Muscular pain usually 'aching' in nature, located above the level of SCI usually in the neck, shoulders and back.
Neuropathic pain management
Non- pharmacological neuropathic pain management
Acupuncture, regular exercise and hypnosis may all reduce post-SCI pain.
Cognitive behavioural therapy combined with pharmacological treatment results in short-term improvement in chronic pain.
Transcutaneous electrical nerve stimulation may reduce pain at the site of injury in patients with thoracic but not cervical injury.
Transcranial magnetic stimulation reduces post-SCI pain.
Pharmacological pain management
Gabapentin and pregabalin improve neuropathic pain post SCI.
Lamotrigine may improve neuropathic pain in patients with incomplete SCI.
Duloxetine may improve neuropathic pain post SCI
Amitriptyline is effective in reducing pain in depressed SCI individuals.
Tramadol reduces neuropathic pain.
Topical capsaicin reduces post-SCI radicular pain.
Lidocaine patches can improve localised neuropathic pain.
Cannabinoids are a potential new treatment for post-SCI pain in need of further study.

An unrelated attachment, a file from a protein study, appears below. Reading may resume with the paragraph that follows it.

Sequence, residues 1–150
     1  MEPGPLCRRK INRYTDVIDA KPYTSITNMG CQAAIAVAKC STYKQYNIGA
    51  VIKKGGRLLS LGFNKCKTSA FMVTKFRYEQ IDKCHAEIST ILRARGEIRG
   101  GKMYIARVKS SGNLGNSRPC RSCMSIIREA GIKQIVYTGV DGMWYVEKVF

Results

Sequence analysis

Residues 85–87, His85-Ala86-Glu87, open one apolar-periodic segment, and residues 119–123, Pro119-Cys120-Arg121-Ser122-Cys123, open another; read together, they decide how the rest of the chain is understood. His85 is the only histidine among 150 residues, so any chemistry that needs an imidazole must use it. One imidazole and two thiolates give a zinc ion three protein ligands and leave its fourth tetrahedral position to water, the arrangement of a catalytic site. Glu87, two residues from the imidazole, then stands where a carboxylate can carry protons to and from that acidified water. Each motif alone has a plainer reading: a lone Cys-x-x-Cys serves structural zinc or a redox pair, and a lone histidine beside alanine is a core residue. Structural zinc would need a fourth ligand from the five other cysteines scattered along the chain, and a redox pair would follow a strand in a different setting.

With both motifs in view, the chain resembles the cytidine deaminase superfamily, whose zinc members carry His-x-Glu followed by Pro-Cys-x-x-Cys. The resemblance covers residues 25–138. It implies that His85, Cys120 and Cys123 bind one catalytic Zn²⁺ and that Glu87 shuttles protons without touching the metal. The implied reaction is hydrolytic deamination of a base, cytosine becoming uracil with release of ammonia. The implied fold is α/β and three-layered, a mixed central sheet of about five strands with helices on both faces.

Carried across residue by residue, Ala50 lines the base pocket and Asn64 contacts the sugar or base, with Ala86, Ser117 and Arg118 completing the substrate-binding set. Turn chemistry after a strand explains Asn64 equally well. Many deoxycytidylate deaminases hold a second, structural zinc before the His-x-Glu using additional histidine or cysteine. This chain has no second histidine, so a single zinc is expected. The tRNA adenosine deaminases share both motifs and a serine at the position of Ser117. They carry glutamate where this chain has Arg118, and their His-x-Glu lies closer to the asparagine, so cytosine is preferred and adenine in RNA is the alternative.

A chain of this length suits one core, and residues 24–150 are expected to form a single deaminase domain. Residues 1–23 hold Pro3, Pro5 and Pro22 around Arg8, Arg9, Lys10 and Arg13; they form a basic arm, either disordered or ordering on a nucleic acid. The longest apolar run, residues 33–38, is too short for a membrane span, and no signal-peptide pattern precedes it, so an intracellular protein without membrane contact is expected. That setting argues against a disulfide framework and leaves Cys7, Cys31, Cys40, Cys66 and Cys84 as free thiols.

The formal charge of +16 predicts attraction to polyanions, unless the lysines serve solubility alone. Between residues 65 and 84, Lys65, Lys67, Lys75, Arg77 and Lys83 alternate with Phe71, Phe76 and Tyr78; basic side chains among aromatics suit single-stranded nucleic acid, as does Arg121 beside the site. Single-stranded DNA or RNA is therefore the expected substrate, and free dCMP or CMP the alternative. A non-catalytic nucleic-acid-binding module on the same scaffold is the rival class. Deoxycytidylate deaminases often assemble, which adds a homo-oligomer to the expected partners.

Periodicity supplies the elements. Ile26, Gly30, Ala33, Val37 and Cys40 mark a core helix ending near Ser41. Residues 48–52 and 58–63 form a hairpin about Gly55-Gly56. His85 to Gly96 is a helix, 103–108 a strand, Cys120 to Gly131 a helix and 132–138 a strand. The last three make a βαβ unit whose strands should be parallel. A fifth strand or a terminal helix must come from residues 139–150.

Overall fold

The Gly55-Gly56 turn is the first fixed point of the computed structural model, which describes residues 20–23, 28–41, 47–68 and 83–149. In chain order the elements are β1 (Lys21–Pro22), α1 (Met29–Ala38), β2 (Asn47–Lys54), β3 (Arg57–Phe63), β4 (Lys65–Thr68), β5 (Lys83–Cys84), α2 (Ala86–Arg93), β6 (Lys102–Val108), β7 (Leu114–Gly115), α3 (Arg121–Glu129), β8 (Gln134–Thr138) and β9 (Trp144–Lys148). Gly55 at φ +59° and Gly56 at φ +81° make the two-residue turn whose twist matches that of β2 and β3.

For some patients, more invasive management is required, by the SCIC or local pain team
Lidocaine through a subarachnoid lumbar catheter and intravenous Ketamine improve post SCI pain short term.
Intrathecal Baclofen improves musculoskeletal pain post SCI and may help dysethetic pain related to spasticity.
Motor point phenol block reduces spastic shoulder pain.
Botulinum toxin injections for treatment of focal spasticity improves pain.
Intravenous morphine reduces mechanical allodynia.
Intrathecal Clonidine may be helpful in combination with Intrathecal Morphine.
Spinal cord stimulation may improve post-SCI pain.
Dorsal longitudinal T-myelotomy procedures reduce pain post SCI.
DREZ surgical procedure reduces pain post SCI.
Spinal Cord Injury Rehabilitation Evidence (SCIRE) Project. Spasticity Review. scireproject.com/spasticity
Spinal Cord Injury Rehabilitation Evidence (SCIRE) Project (. Pain Management Review. scireproject.com/rehabilitation-evidence/pain-management
Royal College of Physicians Guidelines (2009). Spasticity in adults: management using botulinum toxin. Spasticity in adults: management using botulinum toxin: national guidelines